Woolworths was a stalwart shop in Aberdeen for almost 90 years, before the brand disappeared from the British High Street forever.
One of the first global franchises, Woolworths was a retail phenomenon selling mass-produced goods at low prices – and Aberdonians loved it.
Generations of children saved up their pocket money to spend in the toy department, where shelves would be packed from floor to ceiling with the latest goodies and gadgets.
From the 1970s, the entertainment department was a big attraction to shoppers who could pick up the latest singles, vinyl, cassettes and videos at affordable prices.
And, of course, no trip to Woolworths was complete without taking home some sweets from Woolies’ famous pic’n’mix.
Aberdeen’s first branch of FW Woolworth and sons – store number 79 – opened at 48-52 St Nicholas Street on October 18 1919.
An advert in the P&J from the opening day in 1919 declared that nothing in the new department store cost over sixpence.
Goods on offer included tin household goods, jewellery, a haberdashery, drapery, toys, handkerchiefs – and confectionary.
Aberdonians fondly called it the “Wee Woolies” as it was much smaller than the huge, three-storey branch that opened on Union Street five years later.
The shop closed in 1983 when the street was redeveloped.
Woolies was doing a roaring trade and opened its second store – number 228 – in Aberdeen on Union Street in 1926.
The bold sign over the traditional shopfront in this photo from the 1930s bore its famous slogan “nothing over sixpence”.
The window displays at 111-119 Union Street were piled high with goods to tempt shoppers.
By 1959, times were changing and Woolworths’ “nothing over sixpence” slogan and sign were long gone.
The signage had changed, but the store was as popular as ever, a throng of shoppers stand outside the Aberdeen shop in this photo above.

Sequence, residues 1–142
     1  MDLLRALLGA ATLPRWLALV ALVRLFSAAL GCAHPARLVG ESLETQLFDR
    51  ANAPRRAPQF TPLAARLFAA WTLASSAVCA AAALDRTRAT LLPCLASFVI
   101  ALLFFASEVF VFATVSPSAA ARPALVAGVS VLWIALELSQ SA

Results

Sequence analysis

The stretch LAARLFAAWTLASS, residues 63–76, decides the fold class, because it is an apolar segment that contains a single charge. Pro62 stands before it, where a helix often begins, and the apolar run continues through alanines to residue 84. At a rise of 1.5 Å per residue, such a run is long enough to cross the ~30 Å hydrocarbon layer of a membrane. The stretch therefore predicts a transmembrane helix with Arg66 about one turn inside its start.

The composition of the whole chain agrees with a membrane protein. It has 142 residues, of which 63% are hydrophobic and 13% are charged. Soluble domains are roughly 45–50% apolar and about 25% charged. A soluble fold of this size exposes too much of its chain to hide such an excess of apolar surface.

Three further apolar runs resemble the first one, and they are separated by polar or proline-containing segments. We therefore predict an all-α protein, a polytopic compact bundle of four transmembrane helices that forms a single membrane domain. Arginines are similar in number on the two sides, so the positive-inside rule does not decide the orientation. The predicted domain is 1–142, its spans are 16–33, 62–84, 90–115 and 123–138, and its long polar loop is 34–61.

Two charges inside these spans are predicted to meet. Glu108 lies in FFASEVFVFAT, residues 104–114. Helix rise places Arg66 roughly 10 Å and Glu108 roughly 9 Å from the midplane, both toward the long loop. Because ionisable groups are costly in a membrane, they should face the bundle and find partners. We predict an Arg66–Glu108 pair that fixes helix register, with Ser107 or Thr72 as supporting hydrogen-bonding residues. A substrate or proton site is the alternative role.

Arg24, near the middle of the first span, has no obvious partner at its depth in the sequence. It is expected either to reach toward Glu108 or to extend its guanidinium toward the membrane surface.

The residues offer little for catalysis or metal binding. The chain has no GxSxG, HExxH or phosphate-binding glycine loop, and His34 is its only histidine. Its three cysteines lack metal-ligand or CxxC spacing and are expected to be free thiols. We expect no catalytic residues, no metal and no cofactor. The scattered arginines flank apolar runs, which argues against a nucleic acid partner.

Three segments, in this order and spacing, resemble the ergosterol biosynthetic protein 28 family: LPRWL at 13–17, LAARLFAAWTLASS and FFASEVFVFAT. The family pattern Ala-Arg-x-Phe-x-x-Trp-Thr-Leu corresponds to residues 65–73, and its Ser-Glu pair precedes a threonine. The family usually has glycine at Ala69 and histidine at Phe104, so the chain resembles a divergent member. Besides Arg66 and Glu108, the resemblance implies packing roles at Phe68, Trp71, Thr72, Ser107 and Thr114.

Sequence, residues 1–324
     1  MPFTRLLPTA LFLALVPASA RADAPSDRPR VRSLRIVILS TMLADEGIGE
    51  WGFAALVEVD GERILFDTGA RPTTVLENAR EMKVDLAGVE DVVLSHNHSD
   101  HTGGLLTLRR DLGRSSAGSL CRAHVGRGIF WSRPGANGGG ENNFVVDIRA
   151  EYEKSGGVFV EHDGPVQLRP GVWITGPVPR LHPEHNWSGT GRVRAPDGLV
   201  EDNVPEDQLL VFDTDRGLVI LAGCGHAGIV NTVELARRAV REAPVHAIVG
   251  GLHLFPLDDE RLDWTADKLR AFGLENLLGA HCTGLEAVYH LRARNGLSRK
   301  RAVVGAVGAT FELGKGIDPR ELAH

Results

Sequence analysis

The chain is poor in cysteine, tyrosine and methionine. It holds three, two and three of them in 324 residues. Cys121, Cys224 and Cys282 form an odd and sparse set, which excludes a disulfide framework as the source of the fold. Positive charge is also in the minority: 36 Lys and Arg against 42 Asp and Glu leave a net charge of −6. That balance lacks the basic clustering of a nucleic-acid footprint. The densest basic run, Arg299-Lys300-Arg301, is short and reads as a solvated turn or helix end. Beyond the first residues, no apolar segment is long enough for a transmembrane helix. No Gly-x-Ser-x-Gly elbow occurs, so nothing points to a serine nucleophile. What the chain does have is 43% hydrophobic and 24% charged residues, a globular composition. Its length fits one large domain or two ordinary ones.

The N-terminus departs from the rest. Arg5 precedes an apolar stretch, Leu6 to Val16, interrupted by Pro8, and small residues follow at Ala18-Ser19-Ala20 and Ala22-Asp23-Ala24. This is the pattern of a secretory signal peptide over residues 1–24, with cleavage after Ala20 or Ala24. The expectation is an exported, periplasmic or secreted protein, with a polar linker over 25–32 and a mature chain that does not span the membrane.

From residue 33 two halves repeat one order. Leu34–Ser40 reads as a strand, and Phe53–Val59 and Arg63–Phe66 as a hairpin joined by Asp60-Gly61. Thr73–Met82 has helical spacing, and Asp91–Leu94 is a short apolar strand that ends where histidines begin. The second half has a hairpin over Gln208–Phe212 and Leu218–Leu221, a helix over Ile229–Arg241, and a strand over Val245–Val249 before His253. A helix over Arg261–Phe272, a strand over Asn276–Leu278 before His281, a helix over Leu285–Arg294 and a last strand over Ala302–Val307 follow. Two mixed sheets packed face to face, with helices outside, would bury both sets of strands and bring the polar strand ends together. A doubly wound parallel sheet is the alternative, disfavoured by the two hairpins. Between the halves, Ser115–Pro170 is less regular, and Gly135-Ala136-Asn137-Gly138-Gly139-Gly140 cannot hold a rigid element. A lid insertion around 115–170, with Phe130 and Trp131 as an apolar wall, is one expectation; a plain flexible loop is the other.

Many friendships – and courtships – were forged over the counters at Aberdeen’s Woolworths, and former staff look back fondly on their time working there.
This photo from 1966 showed the stylish shop assistants enjoying a dinner dance at the Bon Accord Hotel.
Supervisors, twin sisters Isabella and Annie Shand, pictured in the back row, were celebrating 21 years’ service with the firm.
The music department was always a busy corner of the Aberdeen Woolworths store, as seen in this photo from 1976.
The shop had changed radically from its 1920s layout and was much more open.
Aberdeen’s store was considered to be one of the jewels in the crown of Woolworths’ regional output, and would often host regional meetings so staff down south could see it in operation.
The shop had changed on the outside too – the sign had another facelift, and by the late 1970s, the “FW Woolworth” had been dropped in favour of the more colloquial Woolworth.
The original timber and glass shopfront was still intact here in 1979, but was removed during modernisation in the 1980s.
From this wider view, people may recognise the building these days as McDonalds.
Woolworths’ popular Aberdeen store won an award in August 1984 for the highest sales of pop music singles of any branch in the UK.
Delighted record department staff received the golden disc accolade from Hasan Akhtar of Record Merchandisers.
The team members and representatives of Record Merchandisers enjoyed a ceremony and lunch at Gerards Restaurant to mark the occasion.
Another decade and another shopfront – any hint of the traditional Woolworths arcade of yesteryear was firmly gone by 1987.
The Aberdeen branch continued to perform well and at its peak, Woolworths had 1 million customers passing through its UK stores a day.
But there was a big change in 1990 when the shop left its Union Street home of almost 65 years to move into the new Bon Accord Centre.
Sadly, changing retail habits, competition from e-commerce online and the 2008 financial crisis spelled the end for this cherished brand.
There was devastation when Woolworths announced days before Christmas that all its UK stores would shut with the loss of 27,000 jobs.
The Aberdeen store was one of the first to close and with it went 89 years of retail innovation and history.
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